Normally the start of a new school year is like the sight of a rising sun ahead, all blustery blue skies and white fluffy clouds. The sun-man is wearing cool black shades and a big smile with happy sunrays shooting out of his head, a backpack on his smoldering shoulders. I feel like Covid killed the sun-man. I picture my children, their cute faces hidden behind masks, sequestered at their desks all day long, afraid to touch one another, just hoping to be able to attend school because their parents are so tired of looking after them, of trying to be everything to everyone that they can’t keep it together anymore. School is what they desire; that’s what we’ve come to.

Nobody chose this, I know. I also know I will be one among many mothers who are pulling out their magic markers and drawing a squiggly sun-man in their kids’ skies, trying to keep things together, to keep those clouds above looking glossy and bright. I will simultaneously draw a happy face across the squiggly line of my own mouth, because that’s what mothers are expected to do.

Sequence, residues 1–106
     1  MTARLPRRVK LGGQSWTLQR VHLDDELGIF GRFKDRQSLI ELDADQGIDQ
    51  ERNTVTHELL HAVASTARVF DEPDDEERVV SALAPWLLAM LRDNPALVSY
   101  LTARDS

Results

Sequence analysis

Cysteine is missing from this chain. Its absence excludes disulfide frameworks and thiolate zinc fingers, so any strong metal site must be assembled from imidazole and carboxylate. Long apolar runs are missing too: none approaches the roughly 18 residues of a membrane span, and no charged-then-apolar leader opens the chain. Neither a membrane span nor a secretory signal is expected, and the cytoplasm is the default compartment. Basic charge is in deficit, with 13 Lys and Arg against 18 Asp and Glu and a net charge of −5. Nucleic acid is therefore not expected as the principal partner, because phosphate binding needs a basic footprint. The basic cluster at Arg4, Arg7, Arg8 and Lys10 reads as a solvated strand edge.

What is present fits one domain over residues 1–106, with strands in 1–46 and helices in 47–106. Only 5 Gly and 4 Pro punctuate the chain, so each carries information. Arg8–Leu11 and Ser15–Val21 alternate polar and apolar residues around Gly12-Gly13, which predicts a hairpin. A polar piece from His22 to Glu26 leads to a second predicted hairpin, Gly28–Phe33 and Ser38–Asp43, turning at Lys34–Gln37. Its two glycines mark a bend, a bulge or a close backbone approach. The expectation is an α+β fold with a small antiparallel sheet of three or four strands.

But I won’t be happy, and my kids will know that.

I will not be happy to give up my time to write. I will not be happy to put my future on hold. I will not be happy to do half a job. I will not be happy with having people in my workspace. I will not be happy with a disgruntled, stressed out partner. I will not be happy to see my kids at home when they should be at school. I will not be happy if someone in my family gets sick. I will not be happy when there is an outbreak in my community.

My unhappiness is but a drop in the bucket, but I wanted you to know. To the mothers and parents feeling stressed, you’re not alone.

A Summer Affair

I’m listening to Vivaldi’s Four Seasons. The clash of classical instruments banging against the soundtrack of my mind creates a space for focus. The music draws something out of me. From where I’m sitting at my desk, the lake looks like a Monet painting. Not quite real. The colour is off. Ripples of slate, blue, grey and white. A cottony clouded sky.